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John Paul has swag, both on and off the field. In the mornings, he takes a bike to school along with the older Saraswatipur children. Most students take 30 minutes to get to school, but John Paul brags cheekily that he can make it in 20.

Both his parents pick leaves at the tea garden, but when he grows up, John wants to be a forest ranger like his uncle. Saraswatipur has weekly run-ins with wild elephants that can be quite dangerous. John’s uncle plays a crucial role in protecting the elephants and their habitat while also keeping them from hurting people in their search for food. John wishes to grow up and help protect his family and friends from the elephants and ensure that the elephants can still safely live in the jungle.

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Rehan is a shy, young, 10 year old boy who lives in the tea garden village of Saraswatipur. His day starts at 5 am every day when he gets up to do his chores and help his mother sweep, clean, and feed their livestock. After he finishes, this 5th grader packs his bag and heads to school. Rehan’s favorite subject is Bangla because he loves reading novels. Once school gets over at 3 pm in the afternoon, Rehan walks home and sits down to do his homework. Once he finishes, he rewards himself by watching Hindi serials on TV.

Although Rehan is a reserved person, he’s quite the opposite on the rugby field. He was introduced to Khelo rugby by a friend 3 years ago and has been playing rugby ever since. Speed is essential in rugby and Rehan is fast enough to play every position on his team.

When he graduates from school, Rehan dreams of following in his sister’s footsteps and moving to the big city. A few years ago, Rehan’s sister was offered a position working for Decathlon in Kolkata and Rehan hopes to work with her when he grows older.

-Thanks to Leher for agreeing to let us publish these stories on our blog – learn more about Leher from their websitefacebook or twitter!

Rugby Brews Up in the Jungle

My Saraswatipur Khelo Rugby Adventure

By Hari Singh 

16 Hours by bus was how my journey began, but at least it was air-conditioned. But not for one minute did my excitement at heading for Saraswatipur village in North Bengal leave my mind.  This was going to be very much a first for me – coaching children brand new to rugby and that too in a remote jungle. When I got off the bus at Siliguri, the sun was glorious and right above my head and there was a tremendous hustle bustle at the bus stop with jeeps and cars heading all over North Bengal and further afield to Sikkim and Assam.  As guided before leaving Kolkata, I jumped aboard a bicycle rickshaw to reach Salesian College where I met Father George Matthew who would in turn get me going on my further journey to the village.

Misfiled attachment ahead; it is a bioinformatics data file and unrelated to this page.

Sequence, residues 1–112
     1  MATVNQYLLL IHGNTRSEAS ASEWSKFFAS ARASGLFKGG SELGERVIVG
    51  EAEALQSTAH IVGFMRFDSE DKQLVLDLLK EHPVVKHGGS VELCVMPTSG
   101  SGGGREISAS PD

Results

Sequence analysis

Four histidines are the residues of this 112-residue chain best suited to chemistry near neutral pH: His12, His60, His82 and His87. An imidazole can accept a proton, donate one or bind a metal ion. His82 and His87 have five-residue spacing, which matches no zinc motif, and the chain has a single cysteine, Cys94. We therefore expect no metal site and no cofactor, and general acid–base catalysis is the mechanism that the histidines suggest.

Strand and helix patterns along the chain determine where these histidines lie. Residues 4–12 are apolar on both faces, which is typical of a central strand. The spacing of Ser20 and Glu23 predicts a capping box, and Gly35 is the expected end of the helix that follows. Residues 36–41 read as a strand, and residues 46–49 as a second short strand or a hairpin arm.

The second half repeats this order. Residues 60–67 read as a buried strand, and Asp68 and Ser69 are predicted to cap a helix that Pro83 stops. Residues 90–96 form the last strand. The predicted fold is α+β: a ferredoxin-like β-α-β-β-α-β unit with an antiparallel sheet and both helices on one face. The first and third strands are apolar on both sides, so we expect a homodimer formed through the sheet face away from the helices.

Father Matthew warmly welcomed me and after only a couple of minutes we headed towards the college canteen for lunch of steaming warm momos. I stayed in a college guest room that day which was comfortable and a great relief from the bus journey. The next morning, Father Matthew drove me towards the tribal village “Saraswatipur” in the Baikuntpur forest. The journey was 20KM away from Siliguri and it was not less than a jungle safari. I was overwhelmed with the kaccha roads surrounded by forest cover on either side. While on the way father gave me a small brief about the tribal families, the children and their lifestyle. He also told me to be careful after dark and not to go anywhere as wild elephants were a big threat to people living in the village.

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Bicycle Tour through the Village (I’ve got a passenger!)

As I reached the village, I was amazed by the lush green beauty of the nature. The whole area of the village is surrounded by tea plantations cut into the forrest. There was an ancient tea factory as well, which I would later visit and marvel at how tea is made. I was greeted by a few village children and my fellow rugby coach from Kolkata – Amirul, who had been in Saraswatipur for five days already. Myself and Amirul were delegated with the responsibility of coaching tag rugby to the village children and preparing them for the “Saraswatipur Cup”. Our fooding and lodging for the upcoming days were arranged by Father Matthew. We stayed in a room attached to a newly built church and our daily meals were prepared by a local village family.